Croke Park gets to host another national sport – the blame game

Shortcomings in event regulation and community relations need to be addressed

The controversy surrounding the now cancelled Garth Brooks concerts due to be staged at Croke Park at the end of the month will strike GAA watchers as containing a couple of ironies.

Firstly the association has in the past 10 years put substantial effort into re-structuring of its rules and regulations so that they are coherent and enforceable. The establishment of the Disputes Resolution Authority has made the games and their administration accountable to a higher standard of regulation.

In the past week or so the GAA together with Aiken Promotions, 400,000 Garth Brooks enthusiasts, those residents in favour of the concerts and any beneficiaries from their sundry spin-offs have been disappointed by a ramshackle system of regulating and administering music events.

The system of licensing concerts after they’ve been organised and sold has struck nearly anyone following the whole fiasco as bizarre but apparently it’s been the way of doing such business for a long time. There’s generally no hurry with them either with licences in many cases granted only a day or two before the event.

By these standards Dublin City Council acted swiftly but given the scale of the operation required to stage the Brooks concerts and the numbers due to attend from overseas, calculated at around 70,000, three weeks' notice was plainly inadequate.

‘Main concern’

How this came about is disputed. The council maintained in a statement that it had warned about its concerns: “Dublin City Council has been consistent (since it was confirmed that tickets were sold for five concerts) in informing the promoter and his agents that its main concern was the impact that five consecutive concerts would have on the local area.”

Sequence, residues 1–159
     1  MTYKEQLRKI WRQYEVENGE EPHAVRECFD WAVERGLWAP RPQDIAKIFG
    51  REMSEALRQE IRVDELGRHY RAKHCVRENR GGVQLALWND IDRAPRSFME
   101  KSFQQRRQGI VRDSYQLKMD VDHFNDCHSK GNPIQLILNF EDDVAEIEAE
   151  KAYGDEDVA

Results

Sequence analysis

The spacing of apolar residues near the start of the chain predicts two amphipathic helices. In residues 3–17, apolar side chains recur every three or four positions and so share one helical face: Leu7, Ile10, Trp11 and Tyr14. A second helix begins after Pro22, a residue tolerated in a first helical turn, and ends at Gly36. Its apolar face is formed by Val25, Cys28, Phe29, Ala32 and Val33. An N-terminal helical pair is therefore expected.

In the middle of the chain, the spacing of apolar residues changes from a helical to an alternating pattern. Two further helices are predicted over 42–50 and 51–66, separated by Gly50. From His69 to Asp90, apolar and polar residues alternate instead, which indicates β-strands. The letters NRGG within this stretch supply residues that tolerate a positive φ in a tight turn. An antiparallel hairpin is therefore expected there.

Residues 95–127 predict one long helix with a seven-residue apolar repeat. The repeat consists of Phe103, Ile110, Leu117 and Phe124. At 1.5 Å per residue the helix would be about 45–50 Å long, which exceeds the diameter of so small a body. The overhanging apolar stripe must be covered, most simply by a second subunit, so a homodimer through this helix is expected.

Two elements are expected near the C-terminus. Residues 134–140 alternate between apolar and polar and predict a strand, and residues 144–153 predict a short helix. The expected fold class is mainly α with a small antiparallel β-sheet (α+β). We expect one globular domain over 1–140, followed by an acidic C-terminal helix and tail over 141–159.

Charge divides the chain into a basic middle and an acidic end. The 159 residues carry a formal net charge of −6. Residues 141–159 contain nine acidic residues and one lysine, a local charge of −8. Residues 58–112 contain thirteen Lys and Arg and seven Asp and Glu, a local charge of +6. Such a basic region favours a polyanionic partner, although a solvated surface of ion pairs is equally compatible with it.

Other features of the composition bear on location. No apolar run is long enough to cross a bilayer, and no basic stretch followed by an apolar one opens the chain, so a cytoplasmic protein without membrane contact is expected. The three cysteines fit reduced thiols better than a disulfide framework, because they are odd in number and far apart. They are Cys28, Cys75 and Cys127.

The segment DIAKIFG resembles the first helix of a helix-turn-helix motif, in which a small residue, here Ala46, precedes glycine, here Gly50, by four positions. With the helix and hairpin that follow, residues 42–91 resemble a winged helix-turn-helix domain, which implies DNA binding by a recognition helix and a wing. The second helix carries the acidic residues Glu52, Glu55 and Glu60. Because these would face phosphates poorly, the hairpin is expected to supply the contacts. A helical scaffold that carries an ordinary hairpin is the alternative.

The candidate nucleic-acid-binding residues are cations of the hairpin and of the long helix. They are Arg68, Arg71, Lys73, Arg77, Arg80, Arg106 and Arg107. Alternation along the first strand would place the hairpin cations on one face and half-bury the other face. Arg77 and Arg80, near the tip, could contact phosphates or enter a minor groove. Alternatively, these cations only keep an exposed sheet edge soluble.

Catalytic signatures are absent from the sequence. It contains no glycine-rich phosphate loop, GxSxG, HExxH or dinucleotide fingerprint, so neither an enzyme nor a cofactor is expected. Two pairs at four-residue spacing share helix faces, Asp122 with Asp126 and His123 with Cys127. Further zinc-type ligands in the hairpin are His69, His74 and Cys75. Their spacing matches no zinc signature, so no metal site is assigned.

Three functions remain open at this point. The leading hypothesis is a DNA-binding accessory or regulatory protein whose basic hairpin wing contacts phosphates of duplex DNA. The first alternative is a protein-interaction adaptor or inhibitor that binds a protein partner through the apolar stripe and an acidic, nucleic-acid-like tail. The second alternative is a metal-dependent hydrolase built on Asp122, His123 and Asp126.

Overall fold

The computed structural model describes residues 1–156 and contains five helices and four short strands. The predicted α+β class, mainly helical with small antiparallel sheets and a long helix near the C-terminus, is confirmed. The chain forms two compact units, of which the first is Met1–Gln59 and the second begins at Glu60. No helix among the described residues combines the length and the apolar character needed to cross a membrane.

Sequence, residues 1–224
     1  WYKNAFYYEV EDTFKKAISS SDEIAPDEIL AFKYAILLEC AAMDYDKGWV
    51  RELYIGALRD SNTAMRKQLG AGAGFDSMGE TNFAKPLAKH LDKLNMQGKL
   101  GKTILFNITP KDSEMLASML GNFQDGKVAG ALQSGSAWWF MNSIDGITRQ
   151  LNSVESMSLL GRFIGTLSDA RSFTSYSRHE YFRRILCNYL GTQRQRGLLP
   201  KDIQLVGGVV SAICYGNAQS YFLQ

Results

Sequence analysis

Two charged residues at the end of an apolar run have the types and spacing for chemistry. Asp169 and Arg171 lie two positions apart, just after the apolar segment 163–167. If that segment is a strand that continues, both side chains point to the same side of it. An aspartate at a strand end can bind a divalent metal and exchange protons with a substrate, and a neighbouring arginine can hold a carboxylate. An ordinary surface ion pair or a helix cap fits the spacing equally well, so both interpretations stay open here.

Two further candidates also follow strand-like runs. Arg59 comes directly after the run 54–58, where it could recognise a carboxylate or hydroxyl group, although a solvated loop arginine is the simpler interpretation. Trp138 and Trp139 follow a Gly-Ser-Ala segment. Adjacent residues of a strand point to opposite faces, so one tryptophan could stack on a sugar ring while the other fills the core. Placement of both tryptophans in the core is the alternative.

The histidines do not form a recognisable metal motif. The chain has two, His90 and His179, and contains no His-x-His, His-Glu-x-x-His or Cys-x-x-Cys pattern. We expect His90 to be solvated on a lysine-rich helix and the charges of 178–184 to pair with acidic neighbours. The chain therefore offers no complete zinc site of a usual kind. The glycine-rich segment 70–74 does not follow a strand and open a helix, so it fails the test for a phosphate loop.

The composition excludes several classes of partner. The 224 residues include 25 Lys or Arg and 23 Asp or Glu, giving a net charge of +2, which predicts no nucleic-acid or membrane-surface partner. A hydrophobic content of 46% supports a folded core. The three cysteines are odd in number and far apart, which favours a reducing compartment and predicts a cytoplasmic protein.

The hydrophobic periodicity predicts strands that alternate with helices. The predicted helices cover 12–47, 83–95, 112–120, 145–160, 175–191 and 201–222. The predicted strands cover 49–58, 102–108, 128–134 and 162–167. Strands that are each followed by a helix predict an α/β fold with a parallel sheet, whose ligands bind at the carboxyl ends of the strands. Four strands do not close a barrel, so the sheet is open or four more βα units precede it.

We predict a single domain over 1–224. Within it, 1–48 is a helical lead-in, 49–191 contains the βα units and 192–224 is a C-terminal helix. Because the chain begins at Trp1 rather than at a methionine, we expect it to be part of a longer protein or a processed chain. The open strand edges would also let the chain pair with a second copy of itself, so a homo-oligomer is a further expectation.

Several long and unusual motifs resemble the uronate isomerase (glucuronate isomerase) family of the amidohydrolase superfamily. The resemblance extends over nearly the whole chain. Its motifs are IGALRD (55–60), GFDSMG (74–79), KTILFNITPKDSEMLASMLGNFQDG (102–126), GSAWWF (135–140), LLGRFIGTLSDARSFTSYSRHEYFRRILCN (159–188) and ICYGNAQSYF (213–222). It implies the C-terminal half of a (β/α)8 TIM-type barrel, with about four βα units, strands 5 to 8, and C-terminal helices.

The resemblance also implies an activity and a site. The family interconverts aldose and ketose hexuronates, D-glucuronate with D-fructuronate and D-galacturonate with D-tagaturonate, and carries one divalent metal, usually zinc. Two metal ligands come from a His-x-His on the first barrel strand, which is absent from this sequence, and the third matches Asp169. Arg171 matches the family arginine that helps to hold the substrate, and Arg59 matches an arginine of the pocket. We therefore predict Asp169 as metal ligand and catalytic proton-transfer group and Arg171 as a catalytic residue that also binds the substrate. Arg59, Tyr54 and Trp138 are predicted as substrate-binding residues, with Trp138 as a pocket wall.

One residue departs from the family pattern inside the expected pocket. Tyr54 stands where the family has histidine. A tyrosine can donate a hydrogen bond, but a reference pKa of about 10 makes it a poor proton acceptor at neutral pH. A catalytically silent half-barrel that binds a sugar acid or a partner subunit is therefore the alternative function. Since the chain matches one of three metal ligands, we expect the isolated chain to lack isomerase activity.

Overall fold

Both Croke Park and the promoters are adamant that they had never been given the slightest inkling that the licence for five concerts would be in jeopardy.

On one hand the process requires the licence to be applied for and theoretically nothing is assured until that’s granted but precedent indicated that there was no cause for alarm. According to the city council Croke Park – or, they were fairly sure, any other venue – had never previously been refused a licence.

On the other hand, the sequence of five concerts on successive nights was similarly without precedent. Given the importance of the event to the city however, surely some early-warning system – even informally – should have been in place.

For further irony we turn to the GAA's unpublished Marketing Sub-Committee report of 2005: "There is a distinct risk that while Croke Park itself can be viewed in the public mind as exemplifying the best in a new Ireland the issues raised by ownership and access to Croke Park may portray the GAA as an association that is negative, old fashioned, political and redolent of an older Ireland."

At issue was the use of the stadium for rugby and soccer, which was actually agreed that year.

The current mess has seen different projections of Croke Park from some local residents as both overly commercialised and a bad neighbour. In other words the preoccupations of the 2005 sub-committee have been reversed and Croke Park is giving the GAA a bad name.

How fair is the labelling? Firstly it’s Croke Park’s function to generate revenue for the GAA so trying to isolate it as some sort of mutant gene in the association is far fetched. The good the association does in communities is part-funded by stadium earnings.

Poor relations

Secondly there’s no disputing the poor state of relations between some residents and Croke Park but LRC chair Kieran Mulvey’s mediation appeared to open the door to a stable agreement across a range of issues and was accepted by the GAA.

Speaking on RTÉ, Mulvey identified a problem underlying any potential engagement on residents' issues – a representative structure resembling the Tower of Babel.

He urged “ . . . the creation of appropriate representative groups for residents because we appear to have different residents in different sections and in different areas of the area around Croke Park speaking differently in regard to this and [they] did speak differently to me during the course of my mediation.

“That needs to be addressed as well: the residents and the ‘representivity’ of the structures within that.”

The farcical outcome and the scale of the disappointment and reputational damage caused can be partly redeemed if the Mulvey proposals can help to create a better relationship between Croke Park and its neighbouring communities and if the licensing system is rendered fit for purpose.

Given the track record of local authorities in this, it would be better if the initiative came from Government.